CCD (Colony Collapse Disorder) is referred to as ‘a disease with unknown cause’. There have been numerous unsuccessful attempts to make links between the pathogens present and the circumstances and/or symptoms. In fact, in the research, scientists have got no further than describing the CCD phenomenon. CCD is considered to have occurred when the following symptoms are present:
- almost no bees in the hive, and no dead bees either
- bees disappear suddenly, bees disappear from the hives quickly
- there is a great deal of brood present
- there are a number of young bees + a queen bee present
- there is sufficient food
When defining CCD, people have limited themselves to the symptoms. But it is just as important to look at where and when CCD occurs.
CCD usually occurs later in the year (from August onwards), as well as in the winter period. CCD is common in almost the entire USA as well as Europe. Depending on the location, 10 to 25% of bee keepers are confronted with CCD. Where CCD does and does not occur in Europe has not been precisely documented, the monitoring reports do not provide these details.
It is unclear to what extent is the presence of dead bees in the vicinity of the hives is also part of the CCD phenomenon.
Further analysis of CCD
First of all it is important to establish that in CCD there is a change in behavior of the whole colony.
The presence of only a few nurse bees indicates that these have become foragers in a short space of time.
The urge of bees to leave suddenly is attributable to the change in the composition of the food.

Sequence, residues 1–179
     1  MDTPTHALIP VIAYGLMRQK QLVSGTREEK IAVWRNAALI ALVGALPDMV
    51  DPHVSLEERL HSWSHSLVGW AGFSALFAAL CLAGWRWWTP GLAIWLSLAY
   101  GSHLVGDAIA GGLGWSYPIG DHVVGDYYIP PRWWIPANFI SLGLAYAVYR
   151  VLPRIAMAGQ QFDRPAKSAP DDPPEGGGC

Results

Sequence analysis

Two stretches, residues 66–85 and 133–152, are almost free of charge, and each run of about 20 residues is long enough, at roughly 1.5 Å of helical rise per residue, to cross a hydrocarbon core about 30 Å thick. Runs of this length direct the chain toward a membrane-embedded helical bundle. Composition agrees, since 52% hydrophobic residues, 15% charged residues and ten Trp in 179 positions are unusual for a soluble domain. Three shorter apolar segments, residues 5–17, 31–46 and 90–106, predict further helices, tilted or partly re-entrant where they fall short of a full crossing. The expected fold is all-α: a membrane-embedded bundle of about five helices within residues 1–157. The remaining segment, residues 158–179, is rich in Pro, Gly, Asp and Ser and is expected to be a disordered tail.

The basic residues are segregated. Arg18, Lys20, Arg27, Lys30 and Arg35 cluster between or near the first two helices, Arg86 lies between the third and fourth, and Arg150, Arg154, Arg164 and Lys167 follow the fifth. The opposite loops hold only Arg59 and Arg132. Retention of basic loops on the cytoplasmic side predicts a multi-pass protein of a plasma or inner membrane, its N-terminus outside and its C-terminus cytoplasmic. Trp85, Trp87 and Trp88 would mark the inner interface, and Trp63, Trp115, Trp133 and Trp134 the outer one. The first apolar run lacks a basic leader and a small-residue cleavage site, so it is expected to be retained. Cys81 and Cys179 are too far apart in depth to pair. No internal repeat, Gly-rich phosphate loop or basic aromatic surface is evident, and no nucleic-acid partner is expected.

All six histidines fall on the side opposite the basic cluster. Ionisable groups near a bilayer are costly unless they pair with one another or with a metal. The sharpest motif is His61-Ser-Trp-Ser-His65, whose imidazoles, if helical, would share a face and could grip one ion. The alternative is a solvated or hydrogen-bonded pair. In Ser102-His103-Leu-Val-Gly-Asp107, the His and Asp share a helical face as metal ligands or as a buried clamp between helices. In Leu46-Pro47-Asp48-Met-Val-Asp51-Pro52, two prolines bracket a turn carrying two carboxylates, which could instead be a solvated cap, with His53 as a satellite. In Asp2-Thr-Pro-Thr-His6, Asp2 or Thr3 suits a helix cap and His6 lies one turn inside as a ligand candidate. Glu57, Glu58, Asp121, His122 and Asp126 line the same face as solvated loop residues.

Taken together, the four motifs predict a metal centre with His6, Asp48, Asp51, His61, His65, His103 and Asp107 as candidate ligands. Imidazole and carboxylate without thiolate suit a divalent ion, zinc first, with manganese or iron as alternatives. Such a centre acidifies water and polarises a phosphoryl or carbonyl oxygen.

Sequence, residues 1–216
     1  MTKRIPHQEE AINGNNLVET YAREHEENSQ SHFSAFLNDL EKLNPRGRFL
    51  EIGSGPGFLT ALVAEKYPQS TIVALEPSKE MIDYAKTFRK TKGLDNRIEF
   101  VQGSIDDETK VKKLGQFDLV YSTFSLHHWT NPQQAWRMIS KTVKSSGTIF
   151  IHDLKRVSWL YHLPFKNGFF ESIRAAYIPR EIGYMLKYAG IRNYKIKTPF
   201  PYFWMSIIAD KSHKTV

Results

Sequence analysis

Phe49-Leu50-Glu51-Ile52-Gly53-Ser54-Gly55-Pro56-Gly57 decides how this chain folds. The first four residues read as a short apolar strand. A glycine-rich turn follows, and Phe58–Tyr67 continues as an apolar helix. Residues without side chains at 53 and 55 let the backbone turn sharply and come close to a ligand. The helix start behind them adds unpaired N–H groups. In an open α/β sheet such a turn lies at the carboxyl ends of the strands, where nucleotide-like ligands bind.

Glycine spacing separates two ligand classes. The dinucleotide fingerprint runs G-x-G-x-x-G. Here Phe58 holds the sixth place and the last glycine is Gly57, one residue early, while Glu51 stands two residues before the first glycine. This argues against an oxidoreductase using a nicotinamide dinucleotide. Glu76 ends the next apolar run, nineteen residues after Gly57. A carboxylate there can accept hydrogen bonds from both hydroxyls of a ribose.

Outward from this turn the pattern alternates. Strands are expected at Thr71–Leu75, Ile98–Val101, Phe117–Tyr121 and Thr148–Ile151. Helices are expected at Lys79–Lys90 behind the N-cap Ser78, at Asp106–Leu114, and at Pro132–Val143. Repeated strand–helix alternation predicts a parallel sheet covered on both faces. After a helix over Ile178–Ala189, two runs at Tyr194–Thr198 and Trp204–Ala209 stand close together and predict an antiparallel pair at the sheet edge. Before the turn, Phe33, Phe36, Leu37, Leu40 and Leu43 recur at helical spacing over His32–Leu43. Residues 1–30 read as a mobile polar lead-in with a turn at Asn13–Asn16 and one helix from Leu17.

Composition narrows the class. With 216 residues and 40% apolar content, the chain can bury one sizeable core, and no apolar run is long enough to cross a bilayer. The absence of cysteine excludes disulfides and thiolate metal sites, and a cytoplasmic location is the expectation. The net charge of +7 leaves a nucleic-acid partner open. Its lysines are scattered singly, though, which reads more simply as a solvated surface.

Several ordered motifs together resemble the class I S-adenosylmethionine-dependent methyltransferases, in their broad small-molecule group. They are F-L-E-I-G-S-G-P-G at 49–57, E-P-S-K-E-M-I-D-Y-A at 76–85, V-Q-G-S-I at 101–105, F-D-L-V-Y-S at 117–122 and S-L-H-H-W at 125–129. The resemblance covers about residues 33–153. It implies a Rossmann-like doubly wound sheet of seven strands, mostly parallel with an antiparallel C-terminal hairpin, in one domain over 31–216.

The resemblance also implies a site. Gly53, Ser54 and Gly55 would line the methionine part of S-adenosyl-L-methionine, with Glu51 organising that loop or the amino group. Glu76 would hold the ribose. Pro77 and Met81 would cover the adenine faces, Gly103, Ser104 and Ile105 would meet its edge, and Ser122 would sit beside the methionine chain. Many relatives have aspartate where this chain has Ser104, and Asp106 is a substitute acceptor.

If the bees are found in the vicinity of the hives, this may be due to a disturbance in the flying function. This is attributable to lack of energy or inability to fly any distance (including misshapen wings due to deformed wing virus (DWV).
The normal ratio of bees and brood in a honey bee colony is, in a rough general sense, 2 adult Honey Bees to 1 cell of sealed brood.
When the ratio reverses to 1 adult honey bee to 2 - 3 cells of sealed brood...this is the latest definition of CCD.
Characteristics in common with winter mortality
There is something wrong with the foragers in both winter mortality and CCD. In CCD, nurse bees suddenly become foragers. In winter mortality, due to the lack of brood there are only foragers.
All too often bee colonies are reported dead in the autumn or winter while the food supply is sufficient. It is unclear as to whether bee colonies do not survive the winter due to ‘hunger’ or because they cannot maintain the temperature in the hive. In principle, bees can cope quite well with low temperatures. A low temperature in the hive may be due to insufficient energy for the flight muscles, because too much energy is needed to maintain the immune system.
The commonly reported starvation (heads in the combs) may be due to the fact that the winter cluster is not moved.
Abandoned hives are not scavenged. Apparently the food is not appealing. This leads to the suspicion that there is something wrong with the food, for example:
- Something is missing from the food
- The food has become contaminated with a microorganism (for example by yeasts or fungi)
- The bees are not attracted to the smell of the food.
We think that the cause of winter mortality is also the cause of CCD. The CCD phenomenon can be fully explained by a change in the composition of the food, which results in a change in the microbial composition. At high temperatures this can easily happen in one day. At lower temperatures, this takes 2 - 3 days.